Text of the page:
We get this question a lot, as you can imagine, which is ‘do you have to be an activist to help a company understand their impacts and the relationship between impacts and long-term value?’ And for us, in most cases, you don’t have to be an activist. We find that people running companies want the data. They want to engage very constructively. So most of what we do at Engine Number One is actually constructively engaging with data focused on long-term economic returns with these companies.
And then we launched the VOTE ETF as an anchor and way for people to really invest in the market. We love that. We think negative screening and divesting is disengaging in helping these companies address impact and run the businesses for the long term. So we spend more of our time, frankly, on constructive voting and constructive engagement.
But you know, sometimes, you can have an activist conversation with a company as well.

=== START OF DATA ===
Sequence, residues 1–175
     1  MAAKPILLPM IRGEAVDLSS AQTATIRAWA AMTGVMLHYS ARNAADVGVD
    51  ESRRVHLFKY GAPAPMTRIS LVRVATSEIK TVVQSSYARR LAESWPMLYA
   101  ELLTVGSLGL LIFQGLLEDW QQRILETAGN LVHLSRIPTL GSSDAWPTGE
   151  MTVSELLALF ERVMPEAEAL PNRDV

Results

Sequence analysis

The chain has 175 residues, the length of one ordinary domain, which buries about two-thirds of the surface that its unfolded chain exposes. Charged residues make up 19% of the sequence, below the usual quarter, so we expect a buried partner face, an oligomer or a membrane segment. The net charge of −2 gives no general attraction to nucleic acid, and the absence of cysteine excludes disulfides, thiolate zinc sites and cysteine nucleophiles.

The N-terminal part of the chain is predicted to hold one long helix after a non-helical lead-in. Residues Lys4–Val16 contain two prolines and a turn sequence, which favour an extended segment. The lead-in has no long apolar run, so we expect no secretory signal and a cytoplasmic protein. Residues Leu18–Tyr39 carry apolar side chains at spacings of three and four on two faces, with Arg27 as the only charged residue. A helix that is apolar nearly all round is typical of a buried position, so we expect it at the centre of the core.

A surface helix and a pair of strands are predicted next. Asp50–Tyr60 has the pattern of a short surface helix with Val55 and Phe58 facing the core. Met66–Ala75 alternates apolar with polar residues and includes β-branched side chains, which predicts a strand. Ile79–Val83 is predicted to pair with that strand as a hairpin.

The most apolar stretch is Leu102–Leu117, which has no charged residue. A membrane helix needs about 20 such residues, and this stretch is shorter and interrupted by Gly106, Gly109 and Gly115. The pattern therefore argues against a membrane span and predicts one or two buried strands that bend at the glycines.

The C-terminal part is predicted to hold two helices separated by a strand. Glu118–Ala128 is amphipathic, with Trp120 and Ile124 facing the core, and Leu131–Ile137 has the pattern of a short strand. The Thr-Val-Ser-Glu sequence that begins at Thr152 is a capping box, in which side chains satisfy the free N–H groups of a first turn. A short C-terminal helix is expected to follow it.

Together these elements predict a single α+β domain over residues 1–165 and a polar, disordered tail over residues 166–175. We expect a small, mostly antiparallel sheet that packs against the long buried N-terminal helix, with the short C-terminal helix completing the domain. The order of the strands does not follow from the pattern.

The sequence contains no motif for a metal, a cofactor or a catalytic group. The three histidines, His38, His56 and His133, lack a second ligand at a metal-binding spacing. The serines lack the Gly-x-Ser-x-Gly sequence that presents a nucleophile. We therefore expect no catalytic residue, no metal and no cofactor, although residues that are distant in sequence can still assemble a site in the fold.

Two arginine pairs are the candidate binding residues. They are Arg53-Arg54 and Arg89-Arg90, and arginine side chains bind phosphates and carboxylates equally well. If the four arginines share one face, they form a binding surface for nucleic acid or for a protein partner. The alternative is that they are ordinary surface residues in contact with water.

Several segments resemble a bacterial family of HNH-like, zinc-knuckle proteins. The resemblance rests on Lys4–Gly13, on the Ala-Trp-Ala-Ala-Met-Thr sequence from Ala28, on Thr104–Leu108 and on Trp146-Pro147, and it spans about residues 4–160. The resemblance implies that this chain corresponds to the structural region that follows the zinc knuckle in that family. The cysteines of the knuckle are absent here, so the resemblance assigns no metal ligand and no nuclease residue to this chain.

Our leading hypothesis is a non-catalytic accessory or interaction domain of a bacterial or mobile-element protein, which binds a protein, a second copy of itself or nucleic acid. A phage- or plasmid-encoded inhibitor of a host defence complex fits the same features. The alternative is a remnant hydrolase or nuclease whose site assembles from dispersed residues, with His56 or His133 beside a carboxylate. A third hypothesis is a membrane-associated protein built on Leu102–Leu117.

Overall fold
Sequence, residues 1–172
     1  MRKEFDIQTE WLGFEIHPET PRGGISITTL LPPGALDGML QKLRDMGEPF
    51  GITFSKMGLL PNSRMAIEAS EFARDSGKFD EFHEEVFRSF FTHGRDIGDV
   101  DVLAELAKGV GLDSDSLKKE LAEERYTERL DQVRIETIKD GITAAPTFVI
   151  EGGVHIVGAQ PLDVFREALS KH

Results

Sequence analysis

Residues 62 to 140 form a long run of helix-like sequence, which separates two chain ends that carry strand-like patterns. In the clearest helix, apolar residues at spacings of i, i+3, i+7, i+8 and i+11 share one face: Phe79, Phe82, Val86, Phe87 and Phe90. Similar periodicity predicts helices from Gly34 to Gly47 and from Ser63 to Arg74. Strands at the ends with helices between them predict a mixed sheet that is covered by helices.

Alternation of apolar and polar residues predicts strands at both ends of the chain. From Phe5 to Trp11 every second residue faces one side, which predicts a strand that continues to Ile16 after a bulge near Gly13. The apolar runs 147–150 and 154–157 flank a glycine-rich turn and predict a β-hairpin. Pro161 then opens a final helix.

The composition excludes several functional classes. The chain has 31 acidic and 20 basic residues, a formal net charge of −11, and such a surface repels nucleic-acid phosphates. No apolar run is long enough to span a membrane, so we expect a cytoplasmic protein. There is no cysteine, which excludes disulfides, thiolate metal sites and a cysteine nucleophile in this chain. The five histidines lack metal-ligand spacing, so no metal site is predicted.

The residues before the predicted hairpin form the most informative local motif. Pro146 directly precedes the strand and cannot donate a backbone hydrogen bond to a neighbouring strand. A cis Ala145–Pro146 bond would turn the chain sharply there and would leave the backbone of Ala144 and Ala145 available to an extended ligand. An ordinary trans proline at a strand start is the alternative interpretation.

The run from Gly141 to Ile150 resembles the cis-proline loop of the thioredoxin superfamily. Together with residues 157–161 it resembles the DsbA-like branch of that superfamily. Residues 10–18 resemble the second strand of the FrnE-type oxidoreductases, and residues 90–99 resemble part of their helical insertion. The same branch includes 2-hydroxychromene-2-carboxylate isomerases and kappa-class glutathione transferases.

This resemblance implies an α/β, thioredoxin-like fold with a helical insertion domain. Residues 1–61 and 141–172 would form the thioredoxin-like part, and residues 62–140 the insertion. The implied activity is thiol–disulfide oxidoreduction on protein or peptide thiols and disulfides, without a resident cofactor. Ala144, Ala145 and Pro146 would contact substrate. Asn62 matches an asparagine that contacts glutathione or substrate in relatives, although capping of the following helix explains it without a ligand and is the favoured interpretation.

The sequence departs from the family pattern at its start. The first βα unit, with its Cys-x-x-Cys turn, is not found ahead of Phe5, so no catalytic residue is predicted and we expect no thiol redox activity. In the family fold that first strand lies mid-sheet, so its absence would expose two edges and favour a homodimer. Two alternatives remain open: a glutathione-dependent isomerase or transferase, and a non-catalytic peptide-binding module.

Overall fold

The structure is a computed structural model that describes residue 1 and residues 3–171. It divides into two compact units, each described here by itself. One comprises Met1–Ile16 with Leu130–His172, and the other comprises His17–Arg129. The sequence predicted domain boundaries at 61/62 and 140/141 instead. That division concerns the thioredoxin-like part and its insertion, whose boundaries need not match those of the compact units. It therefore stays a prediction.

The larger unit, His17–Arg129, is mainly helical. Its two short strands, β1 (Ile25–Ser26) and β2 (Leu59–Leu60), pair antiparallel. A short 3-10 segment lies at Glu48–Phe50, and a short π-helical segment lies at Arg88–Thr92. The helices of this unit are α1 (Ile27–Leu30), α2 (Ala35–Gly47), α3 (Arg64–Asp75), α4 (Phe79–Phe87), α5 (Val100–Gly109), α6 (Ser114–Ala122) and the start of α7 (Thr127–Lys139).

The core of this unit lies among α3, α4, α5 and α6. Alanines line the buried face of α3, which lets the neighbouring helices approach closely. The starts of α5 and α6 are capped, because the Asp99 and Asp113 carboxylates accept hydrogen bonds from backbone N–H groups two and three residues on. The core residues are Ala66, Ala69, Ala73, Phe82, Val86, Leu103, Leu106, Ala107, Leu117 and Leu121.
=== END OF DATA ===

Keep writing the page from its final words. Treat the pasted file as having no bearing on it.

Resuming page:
I have a question about VOTE. Could you tell me a little more about the structure of that and how it’s set up? Like what kind of companies are you investing in and how activist are you with the companies in the portfolio?
So Engine Number One’s VOTE ETF, which we launched earlier this summer, it’s a simple idea. It’s literally the large-cap index. We’re not screening companies out. We’re just holding the largest companies in the US market. Our main tool with those companies is using our total value framework, where we look at impacts and long-term economic outcomes, and voting in line with this model on how companies address impacts that are material and how that leads to long-term economic value.
VOTE is a very simple, large-cap index product, and we’ve priced it at five basis points. We think it’s a better vessel than a lot of the index products that are out there today because you track the market and then we do that work to vote aggressively every year. Not in a liberal way, not in a conservative way, but to vote in line with where impacts are linked to long-term economic value. So it’s good if you care about the value and performance of these companies, and it’s good if you care about material impacts and we also engage constructively with some of the companies, but it’s constructive.